When Demon Turf launched at the tail end of 2021, it left a positive impression on us thanks to its solid platforming gameplay, retro aesthetic, and focus on speedrunning. The game fell short of true greatness due to its less-than-stellar combat mechanics, which frankly brought the whole experience down a few pegs. In a lovely surprise, publisher PlayTonic Friends has shadow-dropped a spin-off called Demon Turf: Neon Splash; think of it like stand-alone DLC, if you will!

Unlike the main game, Demon Turf: Neon Splash doesn’t feature any kind of hub area (though it does feature an optional “Playground” for you to hang out in and practice your moves). It’s far more content simply guiding the player through a series of linear levels, each more tricky than the last; make no mistake, some of the later levels can be fiendishly difficult. There are 10 normal levels in total, with an additional 10 remix levels that are even more brutal in their design.

The good news is that the levels themselves aren’t so tricky that you’re ever going to find yourself completely stuck. Their design reminded us a lot of the secret levels in Super Mario Sunshine; less open than the main game, certainly, with an almost nonsensical approach to the overall aesthetic and layout, but it helps to put a firmer focus on what the game does best: intricate platforming.

Beebz has all of her moves from the main game, including double and triple jumps, a hover ability, a rolling ability, and more. Stringing these moves together is paramount in completing the levels in the fastest way possible, and the game encourages this by including trophies based on your completion time. When you first start a level, you’ll catch a glimpse of the time required to achieve the gold trophy and wonder how on earth you’re ever going to manage such a ridiculous feat, but you’d be surprised at how quickly you learn the layout and shave those precious seconds off your time.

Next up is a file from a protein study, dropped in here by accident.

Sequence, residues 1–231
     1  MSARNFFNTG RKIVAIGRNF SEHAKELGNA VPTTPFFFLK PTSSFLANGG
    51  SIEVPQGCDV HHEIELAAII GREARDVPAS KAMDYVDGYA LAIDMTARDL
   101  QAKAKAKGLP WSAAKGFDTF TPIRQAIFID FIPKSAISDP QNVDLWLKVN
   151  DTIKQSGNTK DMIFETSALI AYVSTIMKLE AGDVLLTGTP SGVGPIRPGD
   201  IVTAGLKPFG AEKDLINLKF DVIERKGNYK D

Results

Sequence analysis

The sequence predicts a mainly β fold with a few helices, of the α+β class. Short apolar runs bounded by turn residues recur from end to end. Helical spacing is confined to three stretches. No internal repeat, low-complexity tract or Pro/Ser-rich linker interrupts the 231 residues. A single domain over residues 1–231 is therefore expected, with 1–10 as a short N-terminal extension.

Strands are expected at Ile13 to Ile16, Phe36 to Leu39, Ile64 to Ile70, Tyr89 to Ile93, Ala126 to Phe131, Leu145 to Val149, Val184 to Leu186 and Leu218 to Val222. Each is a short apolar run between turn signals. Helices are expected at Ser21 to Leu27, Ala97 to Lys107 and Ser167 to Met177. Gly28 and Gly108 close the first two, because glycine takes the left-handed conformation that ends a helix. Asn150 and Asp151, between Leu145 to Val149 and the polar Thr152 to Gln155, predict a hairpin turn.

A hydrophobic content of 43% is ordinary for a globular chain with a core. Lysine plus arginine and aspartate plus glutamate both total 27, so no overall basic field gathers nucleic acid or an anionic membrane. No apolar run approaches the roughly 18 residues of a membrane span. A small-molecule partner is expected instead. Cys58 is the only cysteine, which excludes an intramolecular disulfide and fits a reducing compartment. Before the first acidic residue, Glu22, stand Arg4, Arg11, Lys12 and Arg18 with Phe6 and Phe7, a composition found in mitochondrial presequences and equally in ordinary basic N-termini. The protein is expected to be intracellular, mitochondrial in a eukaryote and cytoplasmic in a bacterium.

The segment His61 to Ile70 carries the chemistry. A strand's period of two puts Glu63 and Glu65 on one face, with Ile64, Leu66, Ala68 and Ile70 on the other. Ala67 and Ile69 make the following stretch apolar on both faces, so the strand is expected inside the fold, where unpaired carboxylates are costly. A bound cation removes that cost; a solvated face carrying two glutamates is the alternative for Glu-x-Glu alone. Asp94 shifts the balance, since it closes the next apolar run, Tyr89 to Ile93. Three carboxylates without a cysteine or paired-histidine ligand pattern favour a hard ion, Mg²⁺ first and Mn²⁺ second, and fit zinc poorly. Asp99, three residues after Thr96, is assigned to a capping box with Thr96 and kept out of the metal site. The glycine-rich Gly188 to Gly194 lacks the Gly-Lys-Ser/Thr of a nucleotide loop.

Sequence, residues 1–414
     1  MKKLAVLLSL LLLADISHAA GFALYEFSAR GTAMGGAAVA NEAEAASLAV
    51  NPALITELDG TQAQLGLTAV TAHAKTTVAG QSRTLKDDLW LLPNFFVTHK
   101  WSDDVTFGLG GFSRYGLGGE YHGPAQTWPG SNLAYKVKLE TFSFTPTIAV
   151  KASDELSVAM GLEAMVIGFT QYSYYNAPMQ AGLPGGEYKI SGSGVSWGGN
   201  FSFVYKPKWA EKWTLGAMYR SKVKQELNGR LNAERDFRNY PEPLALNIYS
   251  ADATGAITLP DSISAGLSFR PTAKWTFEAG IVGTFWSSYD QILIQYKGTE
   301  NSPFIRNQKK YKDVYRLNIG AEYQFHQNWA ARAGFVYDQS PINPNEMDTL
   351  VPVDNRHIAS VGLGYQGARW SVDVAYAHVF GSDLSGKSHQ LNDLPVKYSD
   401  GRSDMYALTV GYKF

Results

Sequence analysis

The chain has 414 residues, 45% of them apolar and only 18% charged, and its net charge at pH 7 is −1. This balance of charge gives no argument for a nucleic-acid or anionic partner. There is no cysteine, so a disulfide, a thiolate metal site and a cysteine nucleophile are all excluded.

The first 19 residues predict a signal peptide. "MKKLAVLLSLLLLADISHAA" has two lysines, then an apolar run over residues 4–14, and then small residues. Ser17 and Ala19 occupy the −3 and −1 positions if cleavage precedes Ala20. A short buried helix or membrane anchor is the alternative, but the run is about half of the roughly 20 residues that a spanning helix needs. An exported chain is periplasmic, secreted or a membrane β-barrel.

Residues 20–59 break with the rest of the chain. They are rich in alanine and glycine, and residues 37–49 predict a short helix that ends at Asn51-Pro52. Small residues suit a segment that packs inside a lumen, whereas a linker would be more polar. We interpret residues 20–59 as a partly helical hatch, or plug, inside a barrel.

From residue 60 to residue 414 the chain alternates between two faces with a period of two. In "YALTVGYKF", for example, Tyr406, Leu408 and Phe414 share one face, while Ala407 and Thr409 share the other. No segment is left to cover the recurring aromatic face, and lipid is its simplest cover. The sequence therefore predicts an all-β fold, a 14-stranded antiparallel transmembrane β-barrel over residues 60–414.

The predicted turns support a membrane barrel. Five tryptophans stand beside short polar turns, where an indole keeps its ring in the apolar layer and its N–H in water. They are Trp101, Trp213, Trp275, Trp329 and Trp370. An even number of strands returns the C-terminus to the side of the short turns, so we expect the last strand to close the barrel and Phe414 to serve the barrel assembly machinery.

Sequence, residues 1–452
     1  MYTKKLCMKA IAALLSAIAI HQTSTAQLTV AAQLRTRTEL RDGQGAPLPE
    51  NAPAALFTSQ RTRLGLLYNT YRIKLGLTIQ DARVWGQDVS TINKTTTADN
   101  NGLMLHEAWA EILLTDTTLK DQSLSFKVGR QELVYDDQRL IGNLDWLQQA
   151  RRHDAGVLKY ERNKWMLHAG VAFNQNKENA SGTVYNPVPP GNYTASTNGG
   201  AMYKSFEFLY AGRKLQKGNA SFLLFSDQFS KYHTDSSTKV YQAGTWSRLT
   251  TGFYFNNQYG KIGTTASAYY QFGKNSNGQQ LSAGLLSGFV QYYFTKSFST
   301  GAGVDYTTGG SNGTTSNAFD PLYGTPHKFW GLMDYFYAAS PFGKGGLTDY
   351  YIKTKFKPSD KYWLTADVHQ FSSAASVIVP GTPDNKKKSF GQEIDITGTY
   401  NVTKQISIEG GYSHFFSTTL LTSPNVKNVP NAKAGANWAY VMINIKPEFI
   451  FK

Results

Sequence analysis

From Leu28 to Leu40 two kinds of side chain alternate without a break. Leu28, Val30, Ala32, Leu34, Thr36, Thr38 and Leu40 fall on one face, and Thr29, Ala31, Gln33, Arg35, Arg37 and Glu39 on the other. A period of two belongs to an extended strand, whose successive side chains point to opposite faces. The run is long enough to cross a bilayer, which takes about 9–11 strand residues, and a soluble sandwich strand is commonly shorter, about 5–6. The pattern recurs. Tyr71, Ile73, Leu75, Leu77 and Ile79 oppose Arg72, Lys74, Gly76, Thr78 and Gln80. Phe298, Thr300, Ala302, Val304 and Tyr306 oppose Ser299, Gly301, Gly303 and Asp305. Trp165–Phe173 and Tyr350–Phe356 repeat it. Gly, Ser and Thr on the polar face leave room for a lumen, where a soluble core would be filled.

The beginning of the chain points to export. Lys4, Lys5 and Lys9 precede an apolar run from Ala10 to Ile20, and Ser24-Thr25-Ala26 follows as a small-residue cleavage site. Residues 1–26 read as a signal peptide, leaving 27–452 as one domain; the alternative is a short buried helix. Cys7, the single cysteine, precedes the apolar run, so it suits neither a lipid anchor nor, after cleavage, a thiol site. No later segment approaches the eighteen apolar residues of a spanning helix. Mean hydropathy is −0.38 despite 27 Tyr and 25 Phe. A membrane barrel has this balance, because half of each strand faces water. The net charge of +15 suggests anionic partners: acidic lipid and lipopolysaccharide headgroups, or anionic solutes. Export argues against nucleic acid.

Crucially, Demon Turf: Neon Splash does away with the main game’s poor combat completely. Developer Fabraz should really be commended for recognising that this aspect simply wasn’t up to scratch; removing it entirely lets the game focus on the far superior platforming mechanics, making this spin-off title a frankly better experience than the main game. Despite the limited numbers of levels, the experience here is more than worth the low price of admission.

From a visual perspective, the game retains the same overall style as its predecessor, but the colours have brightened up significantly and the resolution has been given a much needed boost in handheld mode. A nice touch is that Beebz will leave behind a trail of neon paint on the ground, so when you need to restart for whatever reason you’ll have a clear view of which path you’ve taken before. Other quality of life improvements include unlimited use of the manual checkpoint system - which is more than welcome - alongside the ability to record clips of your speed running feats, so you can show off to total strangers on the internet - yay!

Ultimately, Demon Turf: Neon Splash is a much better game than its predecessor thanks to the complete removal of the underwhelming combat. Not only that, but the experience feels more focused and streamlined without the requirement of a hub world or mandatory collectibles. This is Demon Turf at its best, and we sincerely hope to see more of the same in a true sequel later down the line.